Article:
This article first appeared January 16, 2018 on HealthLeaders Media. This technology can accurately predict 30-day readmissions and clarify the AI process for clinicians. Artificial intelligence (AI) has the potential to change the healthcare industry, but gaining the trust of clinicians to use it can be a barrier to adoption. “A lot of the resistance … Continued
While hospitals do their best to limit the number of so-called “never events” that happen to their patients, recent events show that there is still work to be done.
In patient safety circles, “never events” are mistakes that should simply never happen—seemingly commonsense mistakes such as a surgeon accidentally leaving a scalpel inside a patient, a newborn infant given to the wrong parents, or any death of a patient due to the gross negligence of a caregiver.
The International Association for Healthcare Security & Safety Foundation (IAHSS) in August 2017 released a report to address strategies to prevent workplace violence in healthcare. Those familiar with the healthcare industry won’t be surprised by its conclusion: Healthcare facilities need to take steps now to mitigate violent incidents.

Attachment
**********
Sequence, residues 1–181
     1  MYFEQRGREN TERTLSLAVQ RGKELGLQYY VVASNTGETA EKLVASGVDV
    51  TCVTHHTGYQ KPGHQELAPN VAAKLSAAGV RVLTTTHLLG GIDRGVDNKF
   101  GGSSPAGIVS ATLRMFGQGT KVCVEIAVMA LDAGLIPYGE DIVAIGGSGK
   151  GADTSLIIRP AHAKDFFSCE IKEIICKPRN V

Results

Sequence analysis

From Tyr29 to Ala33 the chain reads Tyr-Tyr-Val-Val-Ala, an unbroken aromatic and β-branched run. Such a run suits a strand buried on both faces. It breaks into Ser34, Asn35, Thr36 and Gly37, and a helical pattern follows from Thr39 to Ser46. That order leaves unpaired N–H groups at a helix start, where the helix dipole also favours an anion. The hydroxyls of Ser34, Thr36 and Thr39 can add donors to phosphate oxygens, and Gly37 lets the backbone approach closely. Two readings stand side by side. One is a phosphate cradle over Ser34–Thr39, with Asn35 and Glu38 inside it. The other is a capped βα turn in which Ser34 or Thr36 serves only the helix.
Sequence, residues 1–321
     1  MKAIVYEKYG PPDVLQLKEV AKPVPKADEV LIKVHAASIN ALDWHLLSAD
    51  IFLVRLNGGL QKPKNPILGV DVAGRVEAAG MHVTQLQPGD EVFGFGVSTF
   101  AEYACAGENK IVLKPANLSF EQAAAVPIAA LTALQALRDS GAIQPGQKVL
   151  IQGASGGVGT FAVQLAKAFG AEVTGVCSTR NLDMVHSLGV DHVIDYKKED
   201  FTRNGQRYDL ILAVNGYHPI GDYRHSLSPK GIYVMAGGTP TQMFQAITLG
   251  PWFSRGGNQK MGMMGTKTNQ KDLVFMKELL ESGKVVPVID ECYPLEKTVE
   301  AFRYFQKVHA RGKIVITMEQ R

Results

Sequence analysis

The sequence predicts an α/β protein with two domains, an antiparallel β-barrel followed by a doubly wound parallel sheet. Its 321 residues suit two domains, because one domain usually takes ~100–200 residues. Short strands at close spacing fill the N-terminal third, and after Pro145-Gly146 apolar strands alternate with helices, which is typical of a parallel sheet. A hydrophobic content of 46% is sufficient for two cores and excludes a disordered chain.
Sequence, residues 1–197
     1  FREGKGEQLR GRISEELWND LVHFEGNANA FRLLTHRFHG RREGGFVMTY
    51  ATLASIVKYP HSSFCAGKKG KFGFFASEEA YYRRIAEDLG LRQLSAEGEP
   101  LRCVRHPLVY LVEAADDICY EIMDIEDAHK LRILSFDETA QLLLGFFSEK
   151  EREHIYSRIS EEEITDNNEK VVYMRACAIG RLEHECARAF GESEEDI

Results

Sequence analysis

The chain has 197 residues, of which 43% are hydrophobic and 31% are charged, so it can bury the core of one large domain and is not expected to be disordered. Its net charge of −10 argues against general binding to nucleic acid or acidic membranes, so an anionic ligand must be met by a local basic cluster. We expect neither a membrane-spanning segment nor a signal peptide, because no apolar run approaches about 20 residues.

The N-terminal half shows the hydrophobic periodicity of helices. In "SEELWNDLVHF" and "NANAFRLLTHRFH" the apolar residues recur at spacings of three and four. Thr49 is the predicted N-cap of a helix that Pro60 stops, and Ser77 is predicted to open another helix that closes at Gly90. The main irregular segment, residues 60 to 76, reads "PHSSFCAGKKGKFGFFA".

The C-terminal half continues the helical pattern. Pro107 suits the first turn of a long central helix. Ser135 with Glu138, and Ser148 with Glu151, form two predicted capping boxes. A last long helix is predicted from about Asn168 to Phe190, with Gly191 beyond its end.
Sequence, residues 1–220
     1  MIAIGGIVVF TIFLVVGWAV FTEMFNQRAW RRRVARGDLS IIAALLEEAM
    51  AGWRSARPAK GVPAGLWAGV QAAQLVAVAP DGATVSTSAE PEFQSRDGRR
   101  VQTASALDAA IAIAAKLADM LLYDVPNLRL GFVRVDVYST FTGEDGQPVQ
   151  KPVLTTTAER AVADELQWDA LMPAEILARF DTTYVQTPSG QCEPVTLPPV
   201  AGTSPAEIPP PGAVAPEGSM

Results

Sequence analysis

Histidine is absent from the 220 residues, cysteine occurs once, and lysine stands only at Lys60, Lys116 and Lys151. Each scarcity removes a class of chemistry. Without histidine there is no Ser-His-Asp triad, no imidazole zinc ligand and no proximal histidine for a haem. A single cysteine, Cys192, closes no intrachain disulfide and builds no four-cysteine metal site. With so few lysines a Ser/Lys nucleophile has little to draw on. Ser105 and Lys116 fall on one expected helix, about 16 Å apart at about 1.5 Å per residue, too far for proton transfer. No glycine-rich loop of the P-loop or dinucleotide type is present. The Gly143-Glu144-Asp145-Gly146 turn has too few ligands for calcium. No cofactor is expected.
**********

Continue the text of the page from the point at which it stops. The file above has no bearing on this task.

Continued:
A study published in The Journal of the American Medical Association made headlines this November, announcing that overlapping surgeries didn’t increase the risk of postop complications. This study, and several others like it that came out in 2017, suggests the practice may not be as risky as some have feared.
Healthcare organizations shifting to wellness and value-based care first have to overcome significant barriers in getting certain populations to engage in health improvements. But among the biggest barriers today is one that few physicians seem willing to discuss with their patients: cost.
Stress manifests among nurses in various forms and can affect patient outcomes. Fortunately, leaders can implement solutions to help reduce this pervasive problem.
An unplanned fire is the ultimate sign that things have gone sideways.
Despite being labeled a never event and countless regulations on how to prevent them, fires still break out in hospitals. Between 2012 and 2014 there were 5,700 medical facility fires reported to fire departments.
Researchers have found that women who deliver at these so-called “black-serving” hospitals are more likely to have serious complications — from infections to birth-related embolisms to emergency hysterectomies — than mothers who deliver at institutions that serve fewer black women.
In a recent study, commercial activity monitors showed a correlation between the number of inpatient steps and the likelihood of readmission.
Recent study makes the assertion that illness transmission by healthcare employees represents a grave public health hazard. By John Palmer It’s no secret that that healthcare can be a dirty profession. So why is it that despite the warnings about the dangers of not wearing appropriate protection around hazardous drugs and infectious diseases, workers still … Continued